Satara Tukum Village

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 Location Ecosystem Type   Conservation Type   Area(hectare) Legal status 
 Chandrapur, Maharashtra Forest Ecosystem Conservation NAReserved Forest 

Case Study (2009)

Background

Satara Tukum is a small tribal hamlet in Pombhurna taluka about 25 km from Chandrapur District Headquarters. It falls under the Mul Forest Range of Chandrapur Forest Division. Legally the forest under conservation are Reserve Forest. Forest department initiated the Joint Forest Management (JFM) Programme here in November 1997. The forests of Satara Tukum once housed local species like dhaoda, ain, kalam, chinchawa, tendu, etc. However, unrestricted grazing and illicit felling in the past few decades left these forests largely degraded, although they still supported mammals such as tigers and panthers. Under JFM the forests are now recovering their past glory. These forests represent the last stretch of forests extending all the way to Tadoba-Andhari Tiger Reserve.

The villagers of Satara Tukum have been watching the degradation of their surrounding forests and to some extent contributing to it. The general feeling among the villagers was that the forests belonged to the government and the government had the responsibility to protect them. Much of the protected forest around the village had already been encroached upon. Satara Tukum was brought under the World Banksponsored forestry programme in 1997. Mr. Chaphekar (Divisional Forest Officer) and Ms. Imtienla Ao (Assistant Conservator of Forests) persuaded the villagers to join the Joint Forest Management (JFM) scheme under this programme. An agreement to this effect was made in the gram sabha (village assembly) on 14 November 1997. About 285 ha were allotted to the village community for protection. A samiti (committee) was appointed, which had 96 members—i.e., one member each from all the 96 households. These 96 members included 84 men and 12 women. Since the government resolution prior to 1998 required only one person per household in the JFM committee, the Samiti is even today dominated by men, and women’s representation comes only from the women headed households. The executive committee consists of 12 members, three of which are women (as per the requirement under JFM resolution). The participation of women members in the decision-making process is nonexistent. The executive committee is elected every two years. After the appointment of the samiti, Imtienla Ao prepared the micro-plan for the area which was approved by the samiti. As per the micro-plan the FPC undertook the following activities to protect and manage the forests:

  1. Forming groups of seven persons each, which would patrol the forests daily on a rotational basis. The patrolling teams tried to convince hunters and others to stop their activities rather than forcibly stopping them.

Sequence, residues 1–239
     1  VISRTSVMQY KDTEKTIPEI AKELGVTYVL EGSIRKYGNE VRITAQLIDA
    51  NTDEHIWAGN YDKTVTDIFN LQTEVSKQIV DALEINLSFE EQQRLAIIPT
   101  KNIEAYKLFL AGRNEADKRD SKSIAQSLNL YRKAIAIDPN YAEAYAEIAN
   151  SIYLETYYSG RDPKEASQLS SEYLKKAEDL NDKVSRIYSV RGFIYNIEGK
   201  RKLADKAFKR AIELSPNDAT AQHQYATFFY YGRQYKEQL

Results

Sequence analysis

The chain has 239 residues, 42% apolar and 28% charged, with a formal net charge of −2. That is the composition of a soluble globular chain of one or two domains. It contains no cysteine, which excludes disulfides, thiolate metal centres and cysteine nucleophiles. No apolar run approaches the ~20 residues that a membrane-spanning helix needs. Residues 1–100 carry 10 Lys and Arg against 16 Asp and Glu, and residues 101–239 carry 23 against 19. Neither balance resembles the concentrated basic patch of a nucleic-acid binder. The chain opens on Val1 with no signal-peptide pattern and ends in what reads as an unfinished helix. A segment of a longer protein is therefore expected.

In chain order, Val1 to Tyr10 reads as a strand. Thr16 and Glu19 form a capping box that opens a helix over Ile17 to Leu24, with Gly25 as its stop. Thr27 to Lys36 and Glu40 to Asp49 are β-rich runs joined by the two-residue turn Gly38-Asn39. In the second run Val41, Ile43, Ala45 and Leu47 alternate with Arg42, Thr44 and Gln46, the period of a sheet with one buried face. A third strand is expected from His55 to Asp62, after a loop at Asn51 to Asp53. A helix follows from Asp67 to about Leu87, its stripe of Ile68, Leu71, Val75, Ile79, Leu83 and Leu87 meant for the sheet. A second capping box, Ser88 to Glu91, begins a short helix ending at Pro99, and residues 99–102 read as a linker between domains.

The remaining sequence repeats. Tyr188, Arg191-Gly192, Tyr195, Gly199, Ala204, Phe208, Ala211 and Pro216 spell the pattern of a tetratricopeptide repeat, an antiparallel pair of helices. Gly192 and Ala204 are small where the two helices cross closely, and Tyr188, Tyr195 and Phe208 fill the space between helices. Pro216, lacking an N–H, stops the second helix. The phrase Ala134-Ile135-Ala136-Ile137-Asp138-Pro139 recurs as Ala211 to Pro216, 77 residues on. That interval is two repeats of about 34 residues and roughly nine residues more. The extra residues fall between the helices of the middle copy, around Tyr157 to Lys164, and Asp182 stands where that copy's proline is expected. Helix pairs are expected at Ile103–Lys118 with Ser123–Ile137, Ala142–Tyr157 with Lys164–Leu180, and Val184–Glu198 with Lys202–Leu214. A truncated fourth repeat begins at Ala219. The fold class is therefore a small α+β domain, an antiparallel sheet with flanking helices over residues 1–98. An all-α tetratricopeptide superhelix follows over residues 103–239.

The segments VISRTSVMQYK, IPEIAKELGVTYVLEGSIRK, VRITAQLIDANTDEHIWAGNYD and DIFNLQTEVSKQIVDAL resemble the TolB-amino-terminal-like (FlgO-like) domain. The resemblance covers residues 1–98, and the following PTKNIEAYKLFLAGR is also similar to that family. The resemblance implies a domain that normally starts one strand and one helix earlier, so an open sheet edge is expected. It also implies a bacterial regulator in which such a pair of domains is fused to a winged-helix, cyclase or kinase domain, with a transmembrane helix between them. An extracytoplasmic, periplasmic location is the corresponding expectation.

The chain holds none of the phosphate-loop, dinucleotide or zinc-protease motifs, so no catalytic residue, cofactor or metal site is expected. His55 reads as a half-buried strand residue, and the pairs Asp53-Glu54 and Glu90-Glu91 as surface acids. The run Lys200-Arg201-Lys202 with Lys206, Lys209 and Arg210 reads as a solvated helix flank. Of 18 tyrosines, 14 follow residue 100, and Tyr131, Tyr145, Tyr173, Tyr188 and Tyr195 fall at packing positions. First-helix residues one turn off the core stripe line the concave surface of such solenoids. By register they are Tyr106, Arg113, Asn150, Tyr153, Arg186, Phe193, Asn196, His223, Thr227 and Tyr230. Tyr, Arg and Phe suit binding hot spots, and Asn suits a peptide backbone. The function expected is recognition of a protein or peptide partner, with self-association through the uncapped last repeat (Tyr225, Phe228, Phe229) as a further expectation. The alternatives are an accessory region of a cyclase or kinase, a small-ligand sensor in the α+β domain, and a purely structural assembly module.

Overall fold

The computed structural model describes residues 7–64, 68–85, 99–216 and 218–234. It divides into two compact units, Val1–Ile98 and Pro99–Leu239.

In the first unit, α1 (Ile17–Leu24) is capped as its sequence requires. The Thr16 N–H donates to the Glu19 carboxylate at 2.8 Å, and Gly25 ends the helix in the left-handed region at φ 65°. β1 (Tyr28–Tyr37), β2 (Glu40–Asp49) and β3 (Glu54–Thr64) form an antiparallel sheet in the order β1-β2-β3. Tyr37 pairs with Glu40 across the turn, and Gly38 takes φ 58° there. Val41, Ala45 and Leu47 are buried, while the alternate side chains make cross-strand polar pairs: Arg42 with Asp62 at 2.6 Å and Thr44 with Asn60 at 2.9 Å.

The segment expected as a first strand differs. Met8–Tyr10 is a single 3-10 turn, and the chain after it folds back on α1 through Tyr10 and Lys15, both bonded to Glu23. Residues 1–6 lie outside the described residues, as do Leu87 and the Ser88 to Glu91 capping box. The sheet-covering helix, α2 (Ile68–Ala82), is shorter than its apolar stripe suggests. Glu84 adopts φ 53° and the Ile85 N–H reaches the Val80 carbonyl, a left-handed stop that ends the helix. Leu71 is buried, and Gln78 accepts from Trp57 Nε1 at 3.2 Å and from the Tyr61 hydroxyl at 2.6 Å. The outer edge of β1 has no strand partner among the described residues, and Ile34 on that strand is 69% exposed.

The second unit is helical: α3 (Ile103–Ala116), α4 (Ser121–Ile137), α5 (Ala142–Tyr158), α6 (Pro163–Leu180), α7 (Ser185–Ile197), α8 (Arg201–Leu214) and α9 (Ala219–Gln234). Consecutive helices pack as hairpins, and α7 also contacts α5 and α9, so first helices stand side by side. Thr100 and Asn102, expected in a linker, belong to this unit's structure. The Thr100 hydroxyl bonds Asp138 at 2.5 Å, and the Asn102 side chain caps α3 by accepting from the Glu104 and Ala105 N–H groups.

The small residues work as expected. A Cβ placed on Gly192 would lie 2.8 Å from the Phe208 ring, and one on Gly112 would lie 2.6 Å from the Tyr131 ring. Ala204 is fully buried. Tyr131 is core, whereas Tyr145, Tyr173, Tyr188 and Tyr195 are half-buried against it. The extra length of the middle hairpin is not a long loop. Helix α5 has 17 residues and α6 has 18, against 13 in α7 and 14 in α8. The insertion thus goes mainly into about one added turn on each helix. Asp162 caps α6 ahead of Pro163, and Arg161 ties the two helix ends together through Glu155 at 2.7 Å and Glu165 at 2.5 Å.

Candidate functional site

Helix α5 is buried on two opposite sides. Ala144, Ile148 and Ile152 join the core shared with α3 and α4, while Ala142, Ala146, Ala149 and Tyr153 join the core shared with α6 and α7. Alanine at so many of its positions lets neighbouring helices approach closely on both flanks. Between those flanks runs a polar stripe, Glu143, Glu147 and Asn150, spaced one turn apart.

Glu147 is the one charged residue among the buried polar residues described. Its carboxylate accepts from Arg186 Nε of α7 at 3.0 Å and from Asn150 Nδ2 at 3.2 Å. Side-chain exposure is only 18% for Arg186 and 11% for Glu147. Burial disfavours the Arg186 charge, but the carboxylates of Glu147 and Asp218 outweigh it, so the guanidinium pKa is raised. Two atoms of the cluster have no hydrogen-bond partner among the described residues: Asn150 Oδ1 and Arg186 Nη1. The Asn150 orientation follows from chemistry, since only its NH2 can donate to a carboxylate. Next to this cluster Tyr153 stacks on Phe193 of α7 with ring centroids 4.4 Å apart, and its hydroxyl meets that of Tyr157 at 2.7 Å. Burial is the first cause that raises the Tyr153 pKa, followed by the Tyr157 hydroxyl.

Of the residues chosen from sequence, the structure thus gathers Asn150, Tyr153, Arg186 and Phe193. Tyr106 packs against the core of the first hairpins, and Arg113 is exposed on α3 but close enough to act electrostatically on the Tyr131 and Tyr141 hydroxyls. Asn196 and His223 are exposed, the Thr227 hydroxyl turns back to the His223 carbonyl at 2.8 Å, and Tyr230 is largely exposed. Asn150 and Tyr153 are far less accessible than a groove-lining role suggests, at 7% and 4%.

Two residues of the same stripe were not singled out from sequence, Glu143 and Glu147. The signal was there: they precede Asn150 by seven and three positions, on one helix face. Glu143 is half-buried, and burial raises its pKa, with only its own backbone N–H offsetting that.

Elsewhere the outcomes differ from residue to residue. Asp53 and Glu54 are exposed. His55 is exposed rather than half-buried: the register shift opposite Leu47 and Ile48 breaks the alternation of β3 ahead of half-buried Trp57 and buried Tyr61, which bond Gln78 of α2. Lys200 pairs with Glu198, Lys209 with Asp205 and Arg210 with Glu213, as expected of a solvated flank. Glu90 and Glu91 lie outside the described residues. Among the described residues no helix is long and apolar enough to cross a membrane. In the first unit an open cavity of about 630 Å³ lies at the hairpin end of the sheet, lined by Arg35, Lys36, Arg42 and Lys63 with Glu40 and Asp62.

2. Prohibition on free grazing. Cattle grazing illegally in the plantation and regeneration areas were impounded by the FPC.
  3. Controlling illicit feeling, a serious problem facing these forests.
  4. Appointment of a forest guard to look after the plantation area as well as the protected area.
  5. Generation of employment through forestry works such as plantations, soil and moisture conservation, and so on.
  6. Those coming to the forests for headloads of fuelwood for sale were strictly warned or punished (particularly those from other villages).
  7. Soil erosion was effectively checked by building check-dams on various nallahs and big gullies.
  8. Raising plantations of bamboo, shiwan or gambhari, khair and teak or saag on 60 ha of degraded area.
  9. Giving loans to needy villagers to establish small cottage enterprises, such as vermicompost plants, swing machines, dairy development, etc.
  10. Various other schemes taken up to create alternative livelihoods for the villagers, such as beekeeping, sewing-machine training for young village girls, dairy development activities, development of medicinal plants in the village, etc.
  11. Health and education were given importance with the introduction of toilets, bio-gas plants and better educational facilities, all with FPC funds.
  12. The women of FPC formed a mahila bachat gat (self-help group) in which they got 57 quintals of rice in subsidy, which was distributed to each family in the village. The rice recovered from each family was stored in a seed bank for use in the next year.
  13. Youth in the village were organised to protect environment and study fauna and flora of the village. A ‘Young Environmentalist’ movement was organised by a Nagpur-based NGO, the Vidarbha Nature Conservation Society.

The FPC has an account jointly managed by the FPC and the forest department. This account receives money from the forest department for various developmental activities. The profits from catching and selling fish from a community fish-tank established under JFM also go to this account. Sometimes various forestry works are carried out through voluntary work (shramadaan) by the villagers and the amount meant for their payment is deposited in the FPC account. As of September 2004, the samiti had Rs. 1.26 lakh in its account. The Sarpanch (president) of the samiti and the forest guard (member secretary of the samiti) are the joint signatories. Before making an expense the samiti has to pass a resolution and the accounts are regularly announced at the meetings of the samiti but not at the gram sabha. The funds in the account are used to give loans to farmers. In the lean period, each member of the samiti gets a loan of Rs 1000. This loan is returned on 14 January (Makar Sankranti, the harvest festival) with 2 per cent interest. If the loan is not returned on time, some property of the concerned person is mortgaged. These funds are also used for some community activities, such as buying vessels for village functions, etc.